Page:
In fact, one small cap fundie did describe it that way. He is one of many running a ruler over
AJ Lucas, whose shares, at $1.80, have slid almost 40 per cent in the past three months.
Everyone knows that the company is mired in debt, but it is also sitting on two potential game-changing assets - its shale gas prospects, Cuadrilla in Europe and Mount Prospect in Texas - that could be worth hundreds of millions. And remember, this is a company with a market capitalisation of $110 million, a far cry from the $460 million or so when the stock traded at $7 in late 2008.
However, one thing holding many fundies back is the fear of "getting slotted", as one put it, with a capital raising, which would probably be in the order of $30 million. To this the ire of AJ Lucas's chief executive, Allan Campbell, is raised. "As usual when it comes to us, the market has it wrong … why would we do an equity raising at current levels if we haven't done one before this?"
Short-term debt, maybe?
Even after the sale of its underground in-seam business for $25.5 million last month, AJ Lucas still has $110 million or so of debt and tax liabilities that need to be paid this year, and $43 million of convertible notes, held by Goldman Sachs, that are redeemable at 90 days notice.
Campbell says the company's balance sheet will be restructured in the next month. AJ Lucas intends to refinance its debt, which means reclassifying it from short to long-term, and to "write back" its Monument Prospect asset that was written down by its $87.5 million cost.
"And voila," he says, "problem solved."
AJ Lucas has thrown about $150 million at the two shale gas assets. The Monument Prospect up for sale could be worth $US100 million and the Cuadrilla project could be worth hundreds of millions.
The catch is that more cash needs to be thrown into these prospects. So, despite what Campbell says, it could be a case of investors holding their nerve and making a killing … or being killed.
More dry weather in Queensland and NSW will help its drilling rigs increase turnover and JP Morgan's $2.17 valuation assumes that it's business as usual for the company.
But the boom scenario for the company is selling its stake in the Monument Prospect and further developing Cuadrilla, where drilling is now under way.
If prospecting is a tricky business, trying to sell an asset is even trickier, says the son of its founder and 9 per cent holder, Andy Lukas. "There's a lot of clever dicks in this business, and we've heard a lot of 'yes, buts', probably more 'buts' actually …"
If investors scent a capital raising is on the cards, the stock should fall further … if not, it's off to the Ivy Room to join Campbell, Lukas and the boys for celebratory drinks.
Matt Birney of Coretrack is hoping that his company's prospects are brighter than his political career.
The mining services company's chairman lasted about 12 months as opposition leader for the Liberal Party in Western Australia, only to see Colin Barnett grab the limelight, a few years later.
The Coretrack chief executive, Nanne van 't Riet, thinks his fortunes will improve with a company that he says is finally making the transition from research and development into the commercial world.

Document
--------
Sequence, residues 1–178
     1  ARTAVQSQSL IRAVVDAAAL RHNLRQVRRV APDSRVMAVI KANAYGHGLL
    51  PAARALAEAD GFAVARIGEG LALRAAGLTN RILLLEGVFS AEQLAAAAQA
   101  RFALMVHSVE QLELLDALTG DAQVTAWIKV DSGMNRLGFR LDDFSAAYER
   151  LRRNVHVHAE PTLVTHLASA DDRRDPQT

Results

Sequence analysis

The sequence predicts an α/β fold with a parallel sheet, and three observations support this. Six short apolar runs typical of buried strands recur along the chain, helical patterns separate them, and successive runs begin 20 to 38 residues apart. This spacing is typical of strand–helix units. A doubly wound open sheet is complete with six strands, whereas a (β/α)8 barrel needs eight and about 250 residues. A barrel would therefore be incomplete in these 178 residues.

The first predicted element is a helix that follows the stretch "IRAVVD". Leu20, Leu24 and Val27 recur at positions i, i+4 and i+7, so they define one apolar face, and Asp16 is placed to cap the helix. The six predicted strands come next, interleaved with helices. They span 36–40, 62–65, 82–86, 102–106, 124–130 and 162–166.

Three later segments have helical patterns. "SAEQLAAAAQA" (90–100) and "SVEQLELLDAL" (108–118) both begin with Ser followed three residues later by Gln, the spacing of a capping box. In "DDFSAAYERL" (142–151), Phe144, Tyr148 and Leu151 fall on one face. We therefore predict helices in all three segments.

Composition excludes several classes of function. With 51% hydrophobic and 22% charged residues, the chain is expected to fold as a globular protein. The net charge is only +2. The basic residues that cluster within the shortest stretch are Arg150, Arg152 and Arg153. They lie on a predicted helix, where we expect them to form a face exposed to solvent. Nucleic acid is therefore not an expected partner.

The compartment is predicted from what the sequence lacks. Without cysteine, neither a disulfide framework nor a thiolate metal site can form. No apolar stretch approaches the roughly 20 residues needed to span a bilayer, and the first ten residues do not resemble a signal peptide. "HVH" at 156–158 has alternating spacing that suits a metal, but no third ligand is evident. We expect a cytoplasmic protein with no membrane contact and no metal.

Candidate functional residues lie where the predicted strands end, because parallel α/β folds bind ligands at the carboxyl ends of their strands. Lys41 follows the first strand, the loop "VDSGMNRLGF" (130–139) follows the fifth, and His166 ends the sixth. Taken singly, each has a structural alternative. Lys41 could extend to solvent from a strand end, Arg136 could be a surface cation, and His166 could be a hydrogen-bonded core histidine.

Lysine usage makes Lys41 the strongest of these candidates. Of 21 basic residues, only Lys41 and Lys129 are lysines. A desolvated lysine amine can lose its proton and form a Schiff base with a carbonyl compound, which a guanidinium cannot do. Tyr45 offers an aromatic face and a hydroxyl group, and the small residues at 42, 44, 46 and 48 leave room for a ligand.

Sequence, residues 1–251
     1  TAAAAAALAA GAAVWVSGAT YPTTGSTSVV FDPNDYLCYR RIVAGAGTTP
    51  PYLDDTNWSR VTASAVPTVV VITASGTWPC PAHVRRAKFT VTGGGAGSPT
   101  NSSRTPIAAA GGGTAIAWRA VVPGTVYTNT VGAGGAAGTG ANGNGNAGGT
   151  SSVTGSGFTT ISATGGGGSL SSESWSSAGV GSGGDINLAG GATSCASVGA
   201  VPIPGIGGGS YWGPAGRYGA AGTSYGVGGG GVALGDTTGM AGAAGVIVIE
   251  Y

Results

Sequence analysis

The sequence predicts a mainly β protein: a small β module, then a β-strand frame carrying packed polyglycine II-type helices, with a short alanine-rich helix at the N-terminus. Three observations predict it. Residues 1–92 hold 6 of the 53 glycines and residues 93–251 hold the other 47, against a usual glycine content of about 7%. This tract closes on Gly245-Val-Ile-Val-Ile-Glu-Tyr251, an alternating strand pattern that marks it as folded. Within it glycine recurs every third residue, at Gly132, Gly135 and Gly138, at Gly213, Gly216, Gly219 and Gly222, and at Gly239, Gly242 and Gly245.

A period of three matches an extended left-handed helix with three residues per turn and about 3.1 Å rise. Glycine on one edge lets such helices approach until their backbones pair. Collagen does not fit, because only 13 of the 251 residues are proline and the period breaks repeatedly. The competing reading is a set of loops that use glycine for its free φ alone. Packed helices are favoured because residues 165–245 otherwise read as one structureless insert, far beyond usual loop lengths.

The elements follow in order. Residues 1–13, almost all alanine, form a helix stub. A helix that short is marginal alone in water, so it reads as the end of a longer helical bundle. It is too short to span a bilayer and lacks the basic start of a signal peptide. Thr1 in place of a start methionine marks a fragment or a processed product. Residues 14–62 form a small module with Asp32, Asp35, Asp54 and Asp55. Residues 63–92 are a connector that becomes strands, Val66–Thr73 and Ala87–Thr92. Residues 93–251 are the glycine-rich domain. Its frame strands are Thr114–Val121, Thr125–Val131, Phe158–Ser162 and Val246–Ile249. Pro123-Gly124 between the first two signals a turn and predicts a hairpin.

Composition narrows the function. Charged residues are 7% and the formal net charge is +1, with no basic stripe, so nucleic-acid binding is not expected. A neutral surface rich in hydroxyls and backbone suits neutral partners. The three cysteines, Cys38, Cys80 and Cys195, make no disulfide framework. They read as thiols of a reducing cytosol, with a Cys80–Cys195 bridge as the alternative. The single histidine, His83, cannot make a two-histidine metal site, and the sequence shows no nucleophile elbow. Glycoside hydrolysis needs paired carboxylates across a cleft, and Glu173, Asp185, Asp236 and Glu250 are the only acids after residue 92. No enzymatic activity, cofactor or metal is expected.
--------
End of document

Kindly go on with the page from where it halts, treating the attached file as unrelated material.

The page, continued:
It is less than a month away from securing its first "big contract" in drilling services, he says.
The contract would be for its GT3000 drill rig, which combines the attributes of the big-platform petroleum rigs and reverse circulation mineral rigs. Coretrack has built one of these so far, but intends to roll out six a year to account for the "massive shortage of rigs".
Its other division provides technology that allows oil companies to determine whether a core sample has been broken or snapped. Every time a drill rig puts a hole down to depths that exceed 3500 metres it costs big money, in some cases up to $1 million.
Van 't Riet says that Coretrack is in talks with all the oil majors, having successfully tested the product with Woodside Petroleum.
At 20¢, CoreTrack's market cap is only $30 million, but it is making all the right noises to give its chairman a life beyond politics.
Investors watching the 21 per cent fall in the share price of the accounting and financial planner WHK Group since mid-February will be hoping the new managing director, John Lombard, can do something to arrest it.
At 90¢, WHK's shares look outstanding for value investors, delivering a prospective dividend yield of 8.5 per cent and on a PE of under 10 times.
But is this a "value trap" and are investors set for even more pain?
So much depends not on Lombard - no matter how good the former senior vice-president of SAP is - but on the regulatory reform for financial planners, being conducted by the Assistant Treasurer, Bill Shorten.
A potential reform includes banning commissions on new products from next year. Although this sounds like commonsense, there is fierce lobbying from the financial services industry, and reforms could be watered down. Ironically, this uncertainty is deterring investors.
WHK shareholders should be watching for Shorten's statement on the reforms to financial advice, with draft legislation to follow midyear.
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